October 25th, 2010 / 2:03 am

There’s a new addition to my recent roundup of discussions about MFAs. Anis Shivani hates MFA programs. Or something. Sadly, the article reads more like the author is trying too hard to be… something. I found it difficult to take the writing seriously because it was so over the top. I love this response from Jason at The Barking. It’s something too. Who pissed in the Wheaties of everyone who loves to rail against MFA programs?


  1. Sara Crowley

      I rather like the response by Jason Bennet at Moby Lives “…At times one gets the sense that Shivani is compelled by a feeling of sour grapes. But still, the piece represents the kind of vital, dissonant disruption that those responsible for making our literature ought to be thinking about. Are editors and agents relying too heavily on this system simply because it’s too easy not to? Is the current system shutting out people who, on merit alone, would otherwise be considered modern lights of letters? If so, should we labor to do something about it?”

      More here: http://mhpbooks.com/mobylives/?p=19212

  2. Daniel Bailey

      if i had a bullet for everyone who ever wrote an article or blog post about mfa programs… #meanweek

  3. Jess Bee Dutschmann

      Even if you’re getting into deep discussion etc that article is way, way too long, especially for someplace like the Huffington Post. It couldn’t keep my attention at all, especially with the pissed off tone.

  4. gavin

      What I really took from that was that the same people who read Huffington Post must also be getting MFAs.

  5. AmyWhipple

      I made the executive decision while reading Anis Shivani’s piece that I’m done reading about MFA programs. Just completely and totally done.

  6. P. H. Madore

      Meanwhile everybody wants to breathe and nobody can and many say, “We will breathe later,” and those people don’t die because they’re already dead.

      Attributing that quote would be an act of theft, some might say, but for some reason it popped into my head.

      The first submission to the new version of dispatch was a batch of poetry from a 50+-year-old PSYCHIATRIST who had “recently completed his MFA.” The obvious irony of a psychiatrist attempting to effectively mete out matters of the heart for real people notwithstanding, these poems were the least engaging thing I’d read since Ever.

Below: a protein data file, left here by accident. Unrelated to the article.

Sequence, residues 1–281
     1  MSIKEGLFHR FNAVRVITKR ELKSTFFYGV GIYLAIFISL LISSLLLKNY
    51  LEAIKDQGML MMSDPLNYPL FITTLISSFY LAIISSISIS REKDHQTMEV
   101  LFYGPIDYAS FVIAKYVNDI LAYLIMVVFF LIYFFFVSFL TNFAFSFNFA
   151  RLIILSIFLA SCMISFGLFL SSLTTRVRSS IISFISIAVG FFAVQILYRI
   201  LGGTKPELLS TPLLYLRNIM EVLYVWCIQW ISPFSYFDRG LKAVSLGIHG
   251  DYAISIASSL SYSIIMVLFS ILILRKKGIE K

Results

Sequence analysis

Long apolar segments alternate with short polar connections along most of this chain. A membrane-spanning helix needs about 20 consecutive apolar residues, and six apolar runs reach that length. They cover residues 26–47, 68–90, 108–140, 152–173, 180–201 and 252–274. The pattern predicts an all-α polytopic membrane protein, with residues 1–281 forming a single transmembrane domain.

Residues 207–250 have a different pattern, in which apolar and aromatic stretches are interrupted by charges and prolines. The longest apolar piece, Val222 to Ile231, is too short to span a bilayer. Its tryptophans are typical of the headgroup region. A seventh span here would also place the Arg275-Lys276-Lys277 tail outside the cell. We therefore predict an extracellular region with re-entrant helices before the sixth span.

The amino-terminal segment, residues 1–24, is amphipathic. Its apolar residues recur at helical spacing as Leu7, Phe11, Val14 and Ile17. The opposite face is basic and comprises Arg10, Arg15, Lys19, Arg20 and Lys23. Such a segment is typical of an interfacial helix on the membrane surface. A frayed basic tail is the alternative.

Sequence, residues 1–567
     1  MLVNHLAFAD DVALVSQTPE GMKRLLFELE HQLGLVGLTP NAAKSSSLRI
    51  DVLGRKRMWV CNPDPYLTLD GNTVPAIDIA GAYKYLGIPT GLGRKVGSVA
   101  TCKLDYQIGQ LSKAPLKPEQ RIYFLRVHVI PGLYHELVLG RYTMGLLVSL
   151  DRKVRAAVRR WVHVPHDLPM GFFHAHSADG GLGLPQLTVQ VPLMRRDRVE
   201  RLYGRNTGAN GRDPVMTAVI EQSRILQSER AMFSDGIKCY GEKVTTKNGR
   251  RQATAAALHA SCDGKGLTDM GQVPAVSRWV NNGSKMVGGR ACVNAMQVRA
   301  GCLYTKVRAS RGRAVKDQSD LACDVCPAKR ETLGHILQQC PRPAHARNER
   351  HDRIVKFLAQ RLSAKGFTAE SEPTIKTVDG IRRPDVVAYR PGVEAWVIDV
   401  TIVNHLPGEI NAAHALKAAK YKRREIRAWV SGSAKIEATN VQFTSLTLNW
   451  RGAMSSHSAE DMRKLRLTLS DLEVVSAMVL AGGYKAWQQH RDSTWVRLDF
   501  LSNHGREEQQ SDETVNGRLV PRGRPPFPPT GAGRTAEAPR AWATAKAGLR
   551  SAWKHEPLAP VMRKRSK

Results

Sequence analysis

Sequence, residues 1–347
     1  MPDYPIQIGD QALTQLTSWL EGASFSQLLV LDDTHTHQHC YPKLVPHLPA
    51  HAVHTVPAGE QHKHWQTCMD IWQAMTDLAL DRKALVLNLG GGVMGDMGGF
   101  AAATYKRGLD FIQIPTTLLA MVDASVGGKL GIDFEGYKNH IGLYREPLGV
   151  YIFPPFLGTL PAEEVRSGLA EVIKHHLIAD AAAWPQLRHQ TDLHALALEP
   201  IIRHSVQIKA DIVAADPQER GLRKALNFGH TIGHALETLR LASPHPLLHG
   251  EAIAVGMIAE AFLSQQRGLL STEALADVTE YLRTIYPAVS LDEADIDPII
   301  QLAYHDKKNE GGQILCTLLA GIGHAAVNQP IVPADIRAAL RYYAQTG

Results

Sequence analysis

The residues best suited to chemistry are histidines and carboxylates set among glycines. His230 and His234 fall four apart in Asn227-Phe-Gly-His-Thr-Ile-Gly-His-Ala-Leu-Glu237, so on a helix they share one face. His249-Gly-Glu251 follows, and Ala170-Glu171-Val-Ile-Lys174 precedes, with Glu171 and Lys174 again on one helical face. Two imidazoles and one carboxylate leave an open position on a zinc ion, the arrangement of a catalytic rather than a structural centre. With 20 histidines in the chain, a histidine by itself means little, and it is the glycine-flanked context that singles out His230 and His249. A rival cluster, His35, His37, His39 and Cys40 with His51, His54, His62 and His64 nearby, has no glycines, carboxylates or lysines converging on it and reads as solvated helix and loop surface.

7. Joseph Young

      i expected to dislike that article since i’ve disliked that guy before and since mfa railing is usually boring, but some of the things caught my eye and made sense– the hyperbole surrounding the idea of revision, the requisite grateful smile and prompt return to the writing desk in the face of any craft criticism, yeah.

  8. Eric A.

      I’m excited to read his series on the hegemony of fiber art degrees. Not to mention his upcoming eleven part piece on horseback riding fellowships and the degeneration student/colt/teacher hierarchy.

  9. gavin

      What I really took from that was that the same people who read Huffington Post must also be getting MFAs.

  10. Roxane

      There are some interesting moments in this article, and I thought that the analogy to guilds was clever, but my god, he spends so much time trying to show off in such a falsely reactionary manner that any value in his message is completely obscured by the bullshit.

  11. Karl

      as a writer stuck outside of the academy who is just now becoming aware of this whole critique-of-mfa genre, I found it a pretty good polemic. it was meant to incite, and it succeeds.

  12. Laura